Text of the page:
Chocolate Lowers a Woman's Risk for Stroke
Chocolate lovers, this is good news for you: a new study being released next week in the Journal of the American College of Cardiology says eating chocolate can lower your risk of a stroke by up to 20 percent.
"Chocolate consumption is correlated with reduced risk of cardiovascular events across the board, not just stroke but heart attacks and other types of cardiac events as well," says Trinity Mother Francis Hospital's Chief of Cardiology Dr. Fagg Sanford.
As it turns out, chocolate—especially dark chocolate—has a lot of good qualities. It suppresses "bad" chocolate and has flavonoids, which have antioxidant properties.
"It has sort of a calming effect on you," said Pam Gabriel, owner of The Sweet Gourmet in Tyler. "Even combined with red wine the health benefits are significant."
The study doesn't give women an excuse to eat as much chocolate as they want, but it does say that women who eat 2.3 ounces of chocolate a week -- about as much as this candy bar -- have a 20 percent less risk of stroke than women who eat little or no chocolate.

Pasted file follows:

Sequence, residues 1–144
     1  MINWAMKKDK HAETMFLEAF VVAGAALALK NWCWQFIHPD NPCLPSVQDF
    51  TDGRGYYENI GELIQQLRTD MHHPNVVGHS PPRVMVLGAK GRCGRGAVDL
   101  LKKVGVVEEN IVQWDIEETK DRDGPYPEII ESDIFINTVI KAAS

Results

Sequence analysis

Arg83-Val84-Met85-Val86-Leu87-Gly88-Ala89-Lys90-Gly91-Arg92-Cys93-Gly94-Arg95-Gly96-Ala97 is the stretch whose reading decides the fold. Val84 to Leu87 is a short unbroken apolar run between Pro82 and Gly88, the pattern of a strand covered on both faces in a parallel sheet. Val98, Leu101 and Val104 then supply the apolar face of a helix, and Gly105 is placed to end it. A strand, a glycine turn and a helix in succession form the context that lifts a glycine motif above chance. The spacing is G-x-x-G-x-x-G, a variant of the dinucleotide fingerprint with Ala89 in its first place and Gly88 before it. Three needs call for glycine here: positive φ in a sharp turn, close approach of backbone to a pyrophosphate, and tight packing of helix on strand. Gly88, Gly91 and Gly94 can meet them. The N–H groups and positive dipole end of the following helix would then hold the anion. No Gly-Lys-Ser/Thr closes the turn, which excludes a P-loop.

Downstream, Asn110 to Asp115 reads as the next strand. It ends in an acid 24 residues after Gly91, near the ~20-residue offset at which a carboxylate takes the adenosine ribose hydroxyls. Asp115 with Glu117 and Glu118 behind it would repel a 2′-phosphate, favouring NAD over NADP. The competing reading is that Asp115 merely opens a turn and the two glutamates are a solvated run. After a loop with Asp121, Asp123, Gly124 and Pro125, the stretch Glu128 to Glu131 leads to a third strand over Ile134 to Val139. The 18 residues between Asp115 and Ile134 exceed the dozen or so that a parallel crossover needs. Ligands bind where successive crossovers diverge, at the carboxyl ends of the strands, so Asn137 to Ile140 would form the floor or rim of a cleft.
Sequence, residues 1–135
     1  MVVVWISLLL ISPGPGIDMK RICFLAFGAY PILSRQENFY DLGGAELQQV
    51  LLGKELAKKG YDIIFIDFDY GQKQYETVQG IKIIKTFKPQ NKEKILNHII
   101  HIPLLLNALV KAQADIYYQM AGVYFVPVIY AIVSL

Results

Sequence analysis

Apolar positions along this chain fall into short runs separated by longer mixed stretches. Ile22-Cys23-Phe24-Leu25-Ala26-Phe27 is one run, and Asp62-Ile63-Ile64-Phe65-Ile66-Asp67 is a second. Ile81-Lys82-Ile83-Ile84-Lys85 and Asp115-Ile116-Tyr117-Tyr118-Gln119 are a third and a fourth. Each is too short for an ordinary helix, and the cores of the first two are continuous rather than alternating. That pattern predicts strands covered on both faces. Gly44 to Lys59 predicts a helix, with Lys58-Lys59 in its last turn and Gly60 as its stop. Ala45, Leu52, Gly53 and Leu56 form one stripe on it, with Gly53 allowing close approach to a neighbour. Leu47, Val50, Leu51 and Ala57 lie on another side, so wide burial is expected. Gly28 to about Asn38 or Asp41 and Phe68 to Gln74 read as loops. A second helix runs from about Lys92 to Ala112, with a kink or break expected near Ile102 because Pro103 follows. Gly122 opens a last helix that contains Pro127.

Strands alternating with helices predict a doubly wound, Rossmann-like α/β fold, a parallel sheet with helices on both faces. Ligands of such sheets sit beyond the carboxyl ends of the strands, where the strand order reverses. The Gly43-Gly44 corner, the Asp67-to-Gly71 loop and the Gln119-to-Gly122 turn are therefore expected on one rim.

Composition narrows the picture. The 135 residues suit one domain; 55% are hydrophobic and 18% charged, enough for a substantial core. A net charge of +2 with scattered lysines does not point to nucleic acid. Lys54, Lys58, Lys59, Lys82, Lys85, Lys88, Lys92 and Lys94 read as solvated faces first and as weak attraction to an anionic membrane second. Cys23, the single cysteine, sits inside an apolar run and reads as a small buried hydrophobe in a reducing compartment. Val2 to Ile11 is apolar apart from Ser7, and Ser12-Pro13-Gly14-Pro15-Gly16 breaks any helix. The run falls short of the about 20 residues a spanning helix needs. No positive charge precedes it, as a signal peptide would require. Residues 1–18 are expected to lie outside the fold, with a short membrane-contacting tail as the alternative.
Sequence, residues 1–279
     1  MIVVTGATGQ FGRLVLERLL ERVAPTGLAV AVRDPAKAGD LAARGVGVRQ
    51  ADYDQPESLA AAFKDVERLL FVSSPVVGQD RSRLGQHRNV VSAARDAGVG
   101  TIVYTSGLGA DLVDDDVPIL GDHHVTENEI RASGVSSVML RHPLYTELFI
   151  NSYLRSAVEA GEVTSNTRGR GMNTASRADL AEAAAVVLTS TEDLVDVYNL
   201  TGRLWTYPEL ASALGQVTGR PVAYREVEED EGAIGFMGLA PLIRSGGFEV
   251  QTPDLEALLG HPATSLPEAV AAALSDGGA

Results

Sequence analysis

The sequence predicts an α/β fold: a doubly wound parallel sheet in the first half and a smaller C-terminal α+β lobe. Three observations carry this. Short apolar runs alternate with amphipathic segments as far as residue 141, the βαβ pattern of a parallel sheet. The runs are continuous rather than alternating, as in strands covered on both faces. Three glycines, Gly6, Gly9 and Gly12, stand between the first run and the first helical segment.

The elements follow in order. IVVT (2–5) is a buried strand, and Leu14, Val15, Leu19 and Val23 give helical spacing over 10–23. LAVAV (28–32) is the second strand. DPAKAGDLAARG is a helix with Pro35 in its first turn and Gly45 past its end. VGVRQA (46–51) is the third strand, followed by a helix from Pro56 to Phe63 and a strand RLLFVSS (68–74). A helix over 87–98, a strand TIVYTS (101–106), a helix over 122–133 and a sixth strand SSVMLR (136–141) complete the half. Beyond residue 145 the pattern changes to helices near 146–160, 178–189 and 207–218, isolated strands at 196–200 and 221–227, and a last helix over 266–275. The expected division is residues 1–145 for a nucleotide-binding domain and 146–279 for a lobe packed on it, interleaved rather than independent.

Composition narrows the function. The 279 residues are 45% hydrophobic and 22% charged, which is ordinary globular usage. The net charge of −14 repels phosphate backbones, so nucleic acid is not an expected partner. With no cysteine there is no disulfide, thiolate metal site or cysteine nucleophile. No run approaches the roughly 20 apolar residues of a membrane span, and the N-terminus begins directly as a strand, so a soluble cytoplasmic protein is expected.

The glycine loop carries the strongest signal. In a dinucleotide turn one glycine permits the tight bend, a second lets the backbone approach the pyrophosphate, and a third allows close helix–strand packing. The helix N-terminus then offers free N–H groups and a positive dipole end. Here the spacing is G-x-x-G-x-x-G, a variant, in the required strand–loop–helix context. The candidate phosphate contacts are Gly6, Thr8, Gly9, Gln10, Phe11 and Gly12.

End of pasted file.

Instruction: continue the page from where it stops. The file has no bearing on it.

"If you look at how common stroke becomes in both sexes but especially in women, 20 percent is a major risk reduction," said Dr. Sanford. "That's the kind of risk reduction we look for when we're treating cholesterol or we're treating high blood pressure."
Pam Gabriel sees chocolate "connoisseurs" every day who say they shop for and eat chocolate for their health.
"The true chocolate lovers that are coming in for health benefits know what they want and they've studied, they've done their homework. They believe in it," she said.
As with any study, Dr. Sanford calls for moderation, especially when considering caloric intake.
"There's probably always such a thing as too much of a good thing," he said.